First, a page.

The Trump administration has made reduction of the U.S. trade deficit, particularly with Mexico, a major goal of the renegotiations. This is a difficult goal to include in a trade agreement because trade deficits are the product of many other complex variables and may not even have a negative impact on the economy.14 Trade deficits are the result of a host of decisions by private actors—from manufacturing firms to individual consumers—that may or may not conform to government objectives. Moreover, there are policies that governments can pursue to ease deficits while still avoiding protectionism.15
One way to reduce trade deficits through a trade agreement is to manipulate trade incentives through increases in import tariffs and other forms of protectionism. However, these are contrary to the spirit of free trade itself and will be costly, primarily to companies heavily engaged in crossborder trade and manufacturing, and to consumers who benefit from imported goods at no or very low tariffs. In other words, a negotiated trade balance through NAFTA implies the imposition of restrictions on free trade within a free trade agreement. This is why some in Mexico and Canada argue that that no deal is better than a bad deal.16 Canada has already said it could fall back on its 1989 free trade agreement with the U.S., and Mexico has suggested that it would retreat to World Trade Organization rules if negotiations fail. But Mexico and Canada will not leave the talks because a renegotiated NAFTA contains protectionist elements. They will stick to it if they believe they still benefit. They are not likely to exit on principle, even if they make concessions they believe are in violation of the spirit of free trade.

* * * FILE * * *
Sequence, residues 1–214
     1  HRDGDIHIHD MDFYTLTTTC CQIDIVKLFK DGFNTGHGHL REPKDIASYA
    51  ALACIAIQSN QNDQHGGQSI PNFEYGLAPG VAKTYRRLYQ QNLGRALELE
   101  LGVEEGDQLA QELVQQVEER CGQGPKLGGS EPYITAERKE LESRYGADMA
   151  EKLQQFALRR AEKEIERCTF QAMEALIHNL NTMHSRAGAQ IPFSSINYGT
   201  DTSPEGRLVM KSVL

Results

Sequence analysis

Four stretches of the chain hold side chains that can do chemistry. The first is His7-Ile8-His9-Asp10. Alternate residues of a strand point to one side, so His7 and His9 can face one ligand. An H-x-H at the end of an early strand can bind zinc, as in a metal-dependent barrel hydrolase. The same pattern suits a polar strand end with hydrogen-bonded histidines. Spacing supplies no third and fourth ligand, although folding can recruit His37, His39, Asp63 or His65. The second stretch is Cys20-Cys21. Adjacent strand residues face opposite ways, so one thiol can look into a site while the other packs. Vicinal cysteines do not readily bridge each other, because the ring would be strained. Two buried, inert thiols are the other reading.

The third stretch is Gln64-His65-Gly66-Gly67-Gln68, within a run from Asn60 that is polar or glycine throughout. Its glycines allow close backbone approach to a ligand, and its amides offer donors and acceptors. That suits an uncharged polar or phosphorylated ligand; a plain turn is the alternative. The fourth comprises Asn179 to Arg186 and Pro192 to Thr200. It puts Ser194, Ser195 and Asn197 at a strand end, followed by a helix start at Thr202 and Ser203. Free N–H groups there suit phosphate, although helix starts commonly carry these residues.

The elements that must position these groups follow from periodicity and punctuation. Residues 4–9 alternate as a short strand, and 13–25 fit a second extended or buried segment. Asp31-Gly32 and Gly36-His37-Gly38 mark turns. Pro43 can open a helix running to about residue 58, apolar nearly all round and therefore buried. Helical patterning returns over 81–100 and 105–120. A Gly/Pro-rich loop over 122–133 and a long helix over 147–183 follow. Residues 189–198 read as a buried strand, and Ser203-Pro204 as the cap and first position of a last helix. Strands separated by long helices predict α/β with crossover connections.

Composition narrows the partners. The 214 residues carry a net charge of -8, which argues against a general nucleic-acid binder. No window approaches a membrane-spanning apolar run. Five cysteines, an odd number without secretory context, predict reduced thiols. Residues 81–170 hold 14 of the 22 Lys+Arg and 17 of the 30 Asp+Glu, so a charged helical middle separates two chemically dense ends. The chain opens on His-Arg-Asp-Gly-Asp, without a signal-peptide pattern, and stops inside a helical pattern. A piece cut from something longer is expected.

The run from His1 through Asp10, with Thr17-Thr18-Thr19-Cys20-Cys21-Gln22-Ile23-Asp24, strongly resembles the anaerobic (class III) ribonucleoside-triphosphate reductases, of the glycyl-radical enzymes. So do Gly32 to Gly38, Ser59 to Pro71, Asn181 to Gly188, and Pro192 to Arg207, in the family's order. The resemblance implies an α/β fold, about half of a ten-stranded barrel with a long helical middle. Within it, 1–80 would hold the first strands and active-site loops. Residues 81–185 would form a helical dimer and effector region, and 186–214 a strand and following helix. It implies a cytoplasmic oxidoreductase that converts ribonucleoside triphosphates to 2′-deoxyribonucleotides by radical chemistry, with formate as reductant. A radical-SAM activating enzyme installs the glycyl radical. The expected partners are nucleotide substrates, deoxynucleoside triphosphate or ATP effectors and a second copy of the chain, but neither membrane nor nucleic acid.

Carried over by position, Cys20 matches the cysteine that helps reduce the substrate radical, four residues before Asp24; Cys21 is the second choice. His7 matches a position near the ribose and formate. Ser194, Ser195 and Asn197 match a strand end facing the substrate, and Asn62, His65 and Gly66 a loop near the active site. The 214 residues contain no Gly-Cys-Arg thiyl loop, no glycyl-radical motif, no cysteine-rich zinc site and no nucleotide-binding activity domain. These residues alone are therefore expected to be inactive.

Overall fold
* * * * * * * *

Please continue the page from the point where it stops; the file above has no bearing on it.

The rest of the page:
The irony of seeking to achieve “balanced” trade through an agreement is evident in the talks on agricultural goods. The U.S. has recently asked for seasonal limits on imports of Mexican agricultural products. Such a quota scheme is not only costly to American consumers of Mexican farm products, but it lends itself to retaliation. Mexico has already issued warnings on such limits, and it believes that its greatest leverage is precisely in agriculture, where it is a key market for American farmers.17